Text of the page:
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Biosynthesis of Sulfur-Containing Small Biomolecules in Plants

Sulfur is an essential element required for plant growth. It can be found as a thiol group of proteins or non-protein molecules, and as various sulfur-containing small biomolecules, including iron-sulfur (Fe/S) clusters, molybdenum cofactor (Moco), and sulfur-modified nucleotides. Thiol-mediated redox regulation has been well investigated, whereas biosynthesis pathways of the sulfur-containing small biomolecules have not yet been clearly described. In order to understand overall sulfur transfer processes in plant cells, it is important to elucidate the relationships among various sulfur delivery pathways as well as to investigate their interactions. In this review, we summarize the information from recent studies on the biosynthesis pathways of several sulfur-containing small biomolecules and the proteins participating in these processes. In addition, we show characteristic features of gene expression in Arabidopsis at the early stage of sulfate depletion from the medium, and we provide insights into sulfur transfer processes in plant cells.

Y. Nakai, and A. Maruyama-Nakashita,Biosynthesis of Sulfur-Containing Small Biomolecules in Plants, International journal of molecular sciences, 2020, 21. 3470.

The influence of MoO3-NPs on agro-morphological criteria, genomic stability of DNA, biochemical assay, and production of common dry bean (Phaseolus vulgaris L.)

Molybdenum is considered one of the most important micronutrients applied as a foliar fertilizer for common dry bean. In this study, molybdenum oxide nanoparticles (MoO3-NPs) were applied in different concentrations (0, 10, 20, 30 and 40 ppm) over two sequent seasons, 2018 and 2019, to investigate their effect on the plant morphological criteria, yield, and the genomic stability of DNA. The results showed that the application of 40 ppm MoO3-NPs as a foliar fertilizer showed preferable values of plant morphological criteria, such as the number of leaves and branches per plant, as well as the fresh and dry weight with regard to the common bean plant. In addition, the seed yield increased by 82.4% and 84.1% with 40 ppm, while the shoot residue increased by 32.2% and 32.1% with 20 ppm of MoO3-NPs during two seasons, 2018 and 2019, respectively. Furthermore, the common bean treated with 20 and 40 ppm MoO3-NPs had positive unique bands with ISSR primer 848 at 1400 bp (Rf 0.519) and with primer ISSR2M at 200 bp (Rf 0.729), respectively. In addition, SDS-PAGE reveald some proteins in seedlings which were absent in the flowering stage at 154, 102, 64, 37 and 34 KDa, which may be due to differences in plant proteins required for metabolic processes in each stage. In conclusion, the application of 40 ppm MoO3-NPs was more effective on the productivity of the common bean plants.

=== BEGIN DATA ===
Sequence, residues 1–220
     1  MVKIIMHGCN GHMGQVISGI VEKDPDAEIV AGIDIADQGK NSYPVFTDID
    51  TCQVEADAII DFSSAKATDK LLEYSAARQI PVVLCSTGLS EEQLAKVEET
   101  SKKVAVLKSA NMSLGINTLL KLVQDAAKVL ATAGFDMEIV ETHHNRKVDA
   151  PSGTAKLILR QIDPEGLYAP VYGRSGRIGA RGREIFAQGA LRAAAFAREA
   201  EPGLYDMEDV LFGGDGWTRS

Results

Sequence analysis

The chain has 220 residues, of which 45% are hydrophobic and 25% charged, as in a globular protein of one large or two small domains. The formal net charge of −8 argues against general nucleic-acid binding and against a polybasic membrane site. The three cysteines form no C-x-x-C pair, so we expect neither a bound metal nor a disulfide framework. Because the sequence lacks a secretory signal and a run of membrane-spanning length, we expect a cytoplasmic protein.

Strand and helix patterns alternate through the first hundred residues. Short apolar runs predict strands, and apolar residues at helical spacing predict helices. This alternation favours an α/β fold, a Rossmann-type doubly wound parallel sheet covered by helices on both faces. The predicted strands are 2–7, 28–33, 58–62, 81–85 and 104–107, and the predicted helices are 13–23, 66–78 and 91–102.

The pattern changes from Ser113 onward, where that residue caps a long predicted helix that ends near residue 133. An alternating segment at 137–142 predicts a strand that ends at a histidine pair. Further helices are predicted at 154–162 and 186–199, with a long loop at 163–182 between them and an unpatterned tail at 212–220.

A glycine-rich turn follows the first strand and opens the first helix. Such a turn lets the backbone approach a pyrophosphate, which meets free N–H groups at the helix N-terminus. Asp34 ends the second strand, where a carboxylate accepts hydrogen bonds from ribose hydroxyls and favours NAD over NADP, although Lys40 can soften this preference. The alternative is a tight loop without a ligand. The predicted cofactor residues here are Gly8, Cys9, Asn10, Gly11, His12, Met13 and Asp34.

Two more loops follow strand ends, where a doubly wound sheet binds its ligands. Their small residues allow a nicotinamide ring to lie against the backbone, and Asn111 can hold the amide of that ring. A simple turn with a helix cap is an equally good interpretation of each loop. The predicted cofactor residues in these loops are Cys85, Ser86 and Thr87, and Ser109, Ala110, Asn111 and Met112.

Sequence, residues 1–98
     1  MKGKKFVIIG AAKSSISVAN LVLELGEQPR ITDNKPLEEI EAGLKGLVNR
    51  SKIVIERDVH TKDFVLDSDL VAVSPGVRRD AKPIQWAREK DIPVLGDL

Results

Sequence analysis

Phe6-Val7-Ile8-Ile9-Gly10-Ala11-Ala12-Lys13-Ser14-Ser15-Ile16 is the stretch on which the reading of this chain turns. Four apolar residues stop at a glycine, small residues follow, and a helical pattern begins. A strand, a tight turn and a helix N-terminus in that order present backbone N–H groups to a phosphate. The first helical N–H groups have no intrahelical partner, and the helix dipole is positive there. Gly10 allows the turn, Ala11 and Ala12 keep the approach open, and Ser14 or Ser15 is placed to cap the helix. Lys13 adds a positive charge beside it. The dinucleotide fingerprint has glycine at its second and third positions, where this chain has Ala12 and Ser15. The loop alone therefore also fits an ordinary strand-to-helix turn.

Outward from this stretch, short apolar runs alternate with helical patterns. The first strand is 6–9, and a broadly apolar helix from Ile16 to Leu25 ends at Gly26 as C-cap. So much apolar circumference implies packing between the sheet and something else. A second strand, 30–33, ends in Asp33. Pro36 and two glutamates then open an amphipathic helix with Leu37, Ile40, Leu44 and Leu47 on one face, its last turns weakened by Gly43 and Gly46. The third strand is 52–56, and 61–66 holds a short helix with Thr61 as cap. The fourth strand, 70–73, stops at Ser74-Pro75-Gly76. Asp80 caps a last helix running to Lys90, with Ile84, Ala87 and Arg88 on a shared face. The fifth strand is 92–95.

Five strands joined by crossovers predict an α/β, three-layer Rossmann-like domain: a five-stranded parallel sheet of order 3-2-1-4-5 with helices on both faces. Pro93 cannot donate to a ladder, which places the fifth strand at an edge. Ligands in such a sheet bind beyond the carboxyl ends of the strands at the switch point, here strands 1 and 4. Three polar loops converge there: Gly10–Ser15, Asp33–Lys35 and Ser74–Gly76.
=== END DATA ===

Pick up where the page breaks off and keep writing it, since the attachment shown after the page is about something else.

S. A. Osman, D. M. Salama, M. E. Abd El-Aziz, E. A. Shaaban, and M. S. Abd Elwahed,The influence of MoO3-NPs on agro-morphological criteria, genomic stability of DNA, biochemical assay, and production of common dry bean (Phaseolus vulgaris L.), Plant Physiology and Biochemistry, 2020, 151, 77-87.

Molybdenum in plants and soils

Molybdenum is essential to plant growth as a component of the enzymes nitrate reductase and nitrogenase. Legumes need more molybdenum than other crops, such as grass or corn, because the symbiotic bacteria living in the root nodules of legumes require molybdenum for the fixation of atmospheric nitrogen. If insufficient molybdenum is available nodulation will be retarded and the amount of nitrogen fixed by the plant will be limited. If other factors are not limiting the amount of molybdenum will determine the amount of nitrogen fixed by the plant. Increasingly vigorous plant growth, higher protein contents and greater buildup of nitrogen in the plant and soil accompany nodulation and symbiotic microbial activity.

Albrigo, L. G., Szafranck, R. C.and Childers, N. F., The Role of Molybdenum in Plants and Soils, Climax Molybdenum Co., Supplemental volume, 1966.
Childers, N. F. and Borys, M. W., The Role of Molybdenum in Plants and Soils, Climax Molybdenum Co., 1962.
Ivanova, N. N., Agrochimica, 1972 (Publ. 1973), 17, 96.
Sequi, P., Agrochimica , 1972 (Publ. 1973), 17 , 119.

Response of chickpea (cicer arietinum) to molybdenum in moderately-alkaline soil